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The Nerdy Way To Learn: Spanish » True Spanish Etymology Stories »

Cola and Coward

Cola — Spanish for “tail” and, more informally, “ass” — comes from the Latin for the same: coda.

Coda itself has come into English in two ways. First, coda is a music term meaning… the end! The tail is the end of the animal!

More interestingly, from coda we also get the English, coward. The Latin coda became coe– in French, dropping the -d-; and an -ard is just a person, put negatively (bastard!). Thus, a coward is literally: someone who turns his tail, and runs!

Autopista and Pizza

Autopista (Spanish for “highway”) comes from the words auto– (you can guess what that one means!) and pista, which is Spanish for “track” (think, train tracks, or the track that runners run on).

But where does pista come from? The Latin pistus (“to pound” — think of the motion of pounding something into dust as being a bit like the running around the track! Pounding the pavement!). From this Latin pistus, we get a few English words including… pizza (via Italian, of course! Think of the pounding needed to make the pizza dough!) and piston (the piston engine going in circles is a bit like running as well!).

Thus, we can see the p-st of autopista maps to the p-zz of pizza and the p-st of piston.

Asqueroso and Scar

Asqueroso is the common Spanish word meaning “disgusting.” ¡Qué asqueroso! is the common Spanish exclamation of disgust, as is its closely-related cousin, ¡Que asco!

Asqueroso (and asco) come from the Latin eschara, meaning, “scab” (which itself is from the Greek eskhara meaning the same).

From the same Latin (and Greek) root, we also get the English… scar.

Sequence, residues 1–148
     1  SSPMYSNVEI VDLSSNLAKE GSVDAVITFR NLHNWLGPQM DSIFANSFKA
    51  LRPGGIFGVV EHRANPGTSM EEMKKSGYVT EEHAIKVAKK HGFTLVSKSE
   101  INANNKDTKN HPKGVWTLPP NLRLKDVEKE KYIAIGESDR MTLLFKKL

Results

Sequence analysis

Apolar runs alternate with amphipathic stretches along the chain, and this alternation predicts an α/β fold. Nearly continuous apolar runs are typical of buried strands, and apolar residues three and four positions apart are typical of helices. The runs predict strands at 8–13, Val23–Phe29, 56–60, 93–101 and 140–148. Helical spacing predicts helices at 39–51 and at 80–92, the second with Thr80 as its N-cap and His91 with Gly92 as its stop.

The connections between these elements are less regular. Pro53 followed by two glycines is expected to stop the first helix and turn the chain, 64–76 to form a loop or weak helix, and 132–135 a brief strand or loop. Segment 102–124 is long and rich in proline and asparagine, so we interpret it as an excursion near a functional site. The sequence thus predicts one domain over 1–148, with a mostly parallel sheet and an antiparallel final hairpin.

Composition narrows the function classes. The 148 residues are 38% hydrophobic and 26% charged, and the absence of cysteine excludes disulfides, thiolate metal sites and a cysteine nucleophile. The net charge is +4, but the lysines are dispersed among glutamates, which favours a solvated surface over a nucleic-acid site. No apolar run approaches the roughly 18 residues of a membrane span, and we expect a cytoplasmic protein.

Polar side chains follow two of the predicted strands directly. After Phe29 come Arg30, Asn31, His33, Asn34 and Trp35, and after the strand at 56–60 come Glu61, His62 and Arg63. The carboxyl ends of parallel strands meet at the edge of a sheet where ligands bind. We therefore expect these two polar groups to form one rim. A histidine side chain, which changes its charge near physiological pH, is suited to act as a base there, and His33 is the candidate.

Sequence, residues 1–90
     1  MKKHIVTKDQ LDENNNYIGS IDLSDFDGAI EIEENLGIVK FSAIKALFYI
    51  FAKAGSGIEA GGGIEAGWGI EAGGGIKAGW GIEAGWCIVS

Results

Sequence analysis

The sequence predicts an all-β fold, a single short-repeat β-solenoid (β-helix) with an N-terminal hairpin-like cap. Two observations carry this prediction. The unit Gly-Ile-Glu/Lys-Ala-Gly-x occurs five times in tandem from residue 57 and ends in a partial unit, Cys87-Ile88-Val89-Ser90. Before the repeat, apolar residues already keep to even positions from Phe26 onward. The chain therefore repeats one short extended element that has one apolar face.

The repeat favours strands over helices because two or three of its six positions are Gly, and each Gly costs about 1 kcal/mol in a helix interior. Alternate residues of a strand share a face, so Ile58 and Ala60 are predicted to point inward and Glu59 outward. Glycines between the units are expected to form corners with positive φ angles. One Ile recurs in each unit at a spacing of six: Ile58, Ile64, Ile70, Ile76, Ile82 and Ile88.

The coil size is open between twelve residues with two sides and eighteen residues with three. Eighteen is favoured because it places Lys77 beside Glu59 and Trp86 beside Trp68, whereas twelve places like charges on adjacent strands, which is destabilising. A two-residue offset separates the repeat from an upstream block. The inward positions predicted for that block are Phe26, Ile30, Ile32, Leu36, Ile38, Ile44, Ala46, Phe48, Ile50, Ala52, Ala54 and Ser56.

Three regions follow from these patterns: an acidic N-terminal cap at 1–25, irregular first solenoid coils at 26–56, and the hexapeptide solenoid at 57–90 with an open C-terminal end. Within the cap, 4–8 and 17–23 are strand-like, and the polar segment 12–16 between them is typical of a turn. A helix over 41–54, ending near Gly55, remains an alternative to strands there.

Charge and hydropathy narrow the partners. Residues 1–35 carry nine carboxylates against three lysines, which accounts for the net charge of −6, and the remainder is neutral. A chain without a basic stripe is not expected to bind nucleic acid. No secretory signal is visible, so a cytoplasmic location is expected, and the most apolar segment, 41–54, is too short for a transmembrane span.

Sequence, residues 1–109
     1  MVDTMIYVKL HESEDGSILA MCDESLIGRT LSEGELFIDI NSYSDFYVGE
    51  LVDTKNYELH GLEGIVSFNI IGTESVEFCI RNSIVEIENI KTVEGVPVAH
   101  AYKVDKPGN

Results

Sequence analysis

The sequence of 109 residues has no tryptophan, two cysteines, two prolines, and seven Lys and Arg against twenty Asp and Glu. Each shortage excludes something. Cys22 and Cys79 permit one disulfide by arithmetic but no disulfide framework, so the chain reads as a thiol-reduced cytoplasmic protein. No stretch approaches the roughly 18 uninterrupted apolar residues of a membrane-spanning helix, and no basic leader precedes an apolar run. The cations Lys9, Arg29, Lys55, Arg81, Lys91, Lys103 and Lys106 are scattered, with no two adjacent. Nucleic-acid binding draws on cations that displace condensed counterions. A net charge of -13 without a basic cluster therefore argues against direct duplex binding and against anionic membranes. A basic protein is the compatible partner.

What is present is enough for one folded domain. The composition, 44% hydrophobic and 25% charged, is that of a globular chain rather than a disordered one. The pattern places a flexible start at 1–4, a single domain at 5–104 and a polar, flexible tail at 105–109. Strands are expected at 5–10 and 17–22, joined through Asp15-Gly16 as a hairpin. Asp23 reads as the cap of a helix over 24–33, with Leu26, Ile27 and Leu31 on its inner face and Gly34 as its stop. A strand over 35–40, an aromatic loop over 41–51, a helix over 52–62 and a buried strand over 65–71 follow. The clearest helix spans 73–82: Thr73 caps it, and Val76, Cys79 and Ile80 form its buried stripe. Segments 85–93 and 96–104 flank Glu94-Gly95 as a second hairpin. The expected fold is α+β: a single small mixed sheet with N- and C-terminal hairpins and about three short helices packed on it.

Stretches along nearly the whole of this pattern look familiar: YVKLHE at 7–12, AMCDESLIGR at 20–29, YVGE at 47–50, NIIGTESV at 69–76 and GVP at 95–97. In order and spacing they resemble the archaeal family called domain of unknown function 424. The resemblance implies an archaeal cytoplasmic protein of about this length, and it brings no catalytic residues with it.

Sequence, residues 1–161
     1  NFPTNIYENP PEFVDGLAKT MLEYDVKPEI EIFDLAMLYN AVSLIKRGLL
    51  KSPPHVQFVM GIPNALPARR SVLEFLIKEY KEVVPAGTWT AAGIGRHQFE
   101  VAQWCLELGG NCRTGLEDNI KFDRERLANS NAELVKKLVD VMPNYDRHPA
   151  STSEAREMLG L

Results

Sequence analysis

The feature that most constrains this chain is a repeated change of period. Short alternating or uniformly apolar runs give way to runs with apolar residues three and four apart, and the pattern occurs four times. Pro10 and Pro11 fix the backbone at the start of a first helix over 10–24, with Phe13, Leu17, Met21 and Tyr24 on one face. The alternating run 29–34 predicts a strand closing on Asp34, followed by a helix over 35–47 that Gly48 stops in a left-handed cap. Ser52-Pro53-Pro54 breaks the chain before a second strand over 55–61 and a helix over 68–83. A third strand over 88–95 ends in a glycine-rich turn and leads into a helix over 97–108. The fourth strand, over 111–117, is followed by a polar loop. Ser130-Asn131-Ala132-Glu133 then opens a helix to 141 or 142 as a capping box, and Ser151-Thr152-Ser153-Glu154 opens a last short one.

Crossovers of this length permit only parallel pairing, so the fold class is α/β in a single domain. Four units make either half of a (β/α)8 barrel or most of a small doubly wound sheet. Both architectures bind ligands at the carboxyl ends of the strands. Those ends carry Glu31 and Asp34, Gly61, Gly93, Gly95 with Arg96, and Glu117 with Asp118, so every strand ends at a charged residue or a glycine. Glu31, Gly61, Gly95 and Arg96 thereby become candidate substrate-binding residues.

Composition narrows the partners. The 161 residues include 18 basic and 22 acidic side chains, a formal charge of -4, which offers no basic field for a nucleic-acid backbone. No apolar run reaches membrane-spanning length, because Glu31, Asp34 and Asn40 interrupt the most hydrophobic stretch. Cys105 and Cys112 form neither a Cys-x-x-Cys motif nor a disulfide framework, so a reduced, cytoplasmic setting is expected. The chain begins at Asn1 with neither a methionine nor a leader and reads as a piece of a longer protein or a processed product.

So, in Spanish, something that is so disgusting literally scars you!

We can see the mapping in the s-qu-r of asqueroso to the s-c-r of scar.

Cumplir and Accomplish, Complete

Cumplir, the common Spanish meaning, “to finish [doing something]” is — in a moment of, “ah! It’s obvious now that you’ve told me!’ — a close cousin of the English, accomplish.

Both come from the Latin meaning “to complete,” accomplere, which comes from the older Latin root complere, meaning, “to fill up” — from which we also get the English complete.

Thus, the c-m-pl of cumplir maps to the c-m-pl of accomplish. Not to mention, the c-m-pl of complete as well.

Lado, Lateral, Latitude

The Spanish lado (“side”) comes from the Latin latus (“wide”).

There are many surprising English words from the same Latin root. “Surprising” largely because the l-t sound was preserved in English, but evolved into the similar l-d sound in Spanish–thus making the connection less obvious and still interesting.

Some examples include:

  • Lateral, and its variations such as, unilateral, bilateral and multilateral.
  • Latitude: the latitude is literally the width from one side to the other.
  • Dilate: a dilation is indeed a widening.
  • Relate: literally means, “to go back to the side”; relating to someone is going to their side of the fence!
  • Elation: From the Latin ex-latus (and ex- is, of course, “above”); thus literally, “rising above the sides”.
  • Collateral: From com + latus (com is Latin for “with, together”, like the Spanish con-); thus literally meaning, “side by side”.
  • Translate: Since trans– is Latin for “across”, a translation is literally, “bringing something from one side across to another.”
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